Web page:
Paul Hryskiw, Ancaster
Scientifically and ethically, there is no justification for a spring bear hunt. Bear hunting season currently runs from Aug. 15 to Nov. 30.
The Ministry of Natural Resources admits Ontario’s bear population has remained stable for decades. Alternatives to killing (relocation of juvenile bears, securing garbage, removing food and excess bird seed from the ground, etc.) will work if the ministry would continue to be fully involved in the development and implementation of the Bear Wise Program. Unfortunately, the MNR has virtually abandoned the project by downloading the human/bear conflict resolution to local municipalities and police forces.
Northern communities are concerned that human/bear conflicts are increasing. There were two provoked bear attacks last year in Ontario, both involving dogs off-leash in rural settings. There has not been a human killed by a black bear in this province for more than 100 years.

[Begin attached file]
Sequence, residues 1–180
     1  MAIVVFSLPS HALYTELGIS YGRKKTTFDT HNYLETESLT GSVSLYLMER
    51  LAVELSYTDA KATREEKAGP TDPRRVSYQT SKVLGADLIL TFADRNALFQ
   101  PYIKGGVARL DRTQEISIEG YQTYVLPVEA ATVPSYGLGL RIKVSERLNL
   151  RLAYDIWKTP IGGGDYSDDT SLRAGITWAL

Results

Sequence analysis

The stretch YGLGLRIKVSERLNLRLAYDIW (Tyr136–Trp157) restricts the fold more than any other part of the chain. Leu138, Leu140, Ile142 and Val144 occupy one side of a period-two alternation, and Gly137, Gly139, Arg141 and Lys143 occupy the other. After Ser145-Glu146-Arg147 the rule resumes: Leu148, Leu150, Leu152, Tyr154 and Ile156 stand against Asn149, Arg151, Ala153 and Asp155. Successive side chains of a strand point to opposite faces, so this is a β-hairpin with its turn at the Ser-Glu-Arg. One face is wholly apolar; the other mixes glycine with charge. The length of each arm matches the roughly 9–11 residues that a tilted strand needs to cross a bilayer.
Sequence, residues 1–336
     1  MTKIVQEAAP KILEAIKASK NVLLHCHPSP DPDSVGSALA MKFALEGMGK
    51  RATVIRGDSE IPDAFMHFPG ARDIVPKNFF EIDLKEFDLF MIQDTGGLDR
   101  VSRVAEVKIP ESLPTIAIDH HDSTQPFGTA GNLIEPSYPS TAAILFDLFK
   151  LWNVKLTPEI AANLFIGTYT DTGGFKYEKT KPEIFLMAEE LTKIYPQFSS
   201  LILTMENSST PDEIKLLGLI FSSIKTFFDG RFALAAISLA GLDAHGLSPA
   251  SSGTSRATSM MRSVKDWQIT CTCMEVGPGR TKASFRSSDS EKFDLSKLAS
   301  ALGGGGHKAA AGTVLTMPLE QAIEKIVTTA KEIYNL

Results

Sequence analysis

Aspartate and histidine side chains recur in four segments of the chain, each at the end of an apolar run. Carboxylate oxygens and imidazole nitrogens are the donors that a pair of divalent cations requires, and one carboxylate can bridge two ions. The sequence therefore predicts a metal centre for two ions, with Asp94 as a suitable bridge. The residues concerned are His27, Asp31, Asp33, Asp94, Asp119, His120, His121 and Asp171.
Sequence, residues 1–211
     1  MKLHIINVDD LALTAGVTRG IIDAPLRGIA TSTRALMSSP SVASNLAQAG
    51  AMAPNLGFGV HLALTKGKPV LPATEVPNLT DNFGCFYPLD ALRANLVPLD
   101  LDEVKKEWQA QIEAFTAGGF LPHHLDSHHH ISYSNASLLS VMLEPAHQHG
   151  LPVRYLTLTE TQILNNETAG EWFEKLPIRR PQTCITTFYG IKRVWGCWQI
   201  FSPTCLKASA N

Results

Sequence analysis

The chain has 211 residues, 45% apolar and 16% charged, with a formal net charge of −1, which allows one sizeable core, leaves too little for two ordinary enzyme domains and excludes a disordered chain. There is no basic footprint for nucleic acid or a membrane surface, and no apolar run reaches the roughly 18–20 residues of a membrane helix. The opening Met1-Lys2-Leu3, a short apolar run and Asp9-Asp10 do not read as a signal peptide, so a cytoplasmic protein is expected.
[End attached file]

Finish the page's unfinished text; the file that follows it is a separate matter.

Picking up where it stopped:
Still, no animal activist I know would call a black bear “cuddly.” They would respect bears for what they are—strong, powerful, resourceful, intelligent non-confrontational creatures looking to survive in a world we are steadily taking from them. The letter-writer believes adult male bears habitually eat their young and concludes that killing adult males is good because the cubs survive. Scientifically, however, if we kill enough males, there will be no cubs.
The spring bear hunt is also no standard hunt. Pails of bait (sandwiches, doughnuts, table scraps, whatever) are set out for hungry bears fresh from hibernation. It’s like shooting fish in a barrel, and for extra fun, dogs are unleashed.
In places like Elliot Lake, Jim Johnston’s Bear Smart Program is proving that peaceful, non-lethal strategies will work when the will is there.